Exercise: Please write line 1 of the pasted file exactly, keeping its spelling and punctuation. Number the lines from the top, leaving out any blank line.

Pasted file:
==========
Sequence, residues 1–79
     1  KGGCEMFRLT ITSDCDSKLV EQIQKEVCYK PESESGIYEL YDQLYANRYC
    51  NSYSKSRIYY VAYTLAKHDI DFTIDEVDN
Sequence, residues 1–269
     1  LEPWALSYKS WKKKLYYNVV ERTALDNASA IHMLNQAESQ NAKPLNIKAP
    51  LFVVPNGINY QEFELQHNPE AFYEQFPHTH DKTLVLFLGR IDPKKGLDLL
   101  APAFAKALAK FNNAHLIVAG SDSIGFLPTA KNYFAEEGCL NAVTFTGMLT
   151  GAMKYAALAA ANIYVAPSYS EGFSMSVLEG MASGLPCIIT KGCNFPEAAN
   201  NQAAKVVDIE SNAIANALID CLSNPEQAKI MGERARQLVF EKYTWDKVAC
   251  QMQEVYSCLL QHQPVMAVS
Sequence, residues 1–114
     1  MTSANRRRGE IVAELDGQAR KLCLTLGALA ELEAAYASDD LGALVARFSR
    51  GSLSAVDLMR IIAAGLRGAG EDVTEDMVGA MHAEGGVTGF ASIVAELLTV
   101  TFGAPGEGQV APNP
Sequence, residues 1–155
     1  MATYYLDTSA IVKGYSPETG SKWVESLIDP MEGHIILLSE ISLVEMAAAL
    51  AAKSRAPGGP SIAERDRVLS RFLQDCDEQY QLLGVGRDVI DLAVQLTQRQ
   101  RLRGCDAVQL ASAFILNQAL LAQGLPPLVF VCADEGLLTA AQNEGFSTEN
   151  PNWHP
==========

Sequence, residues 1–79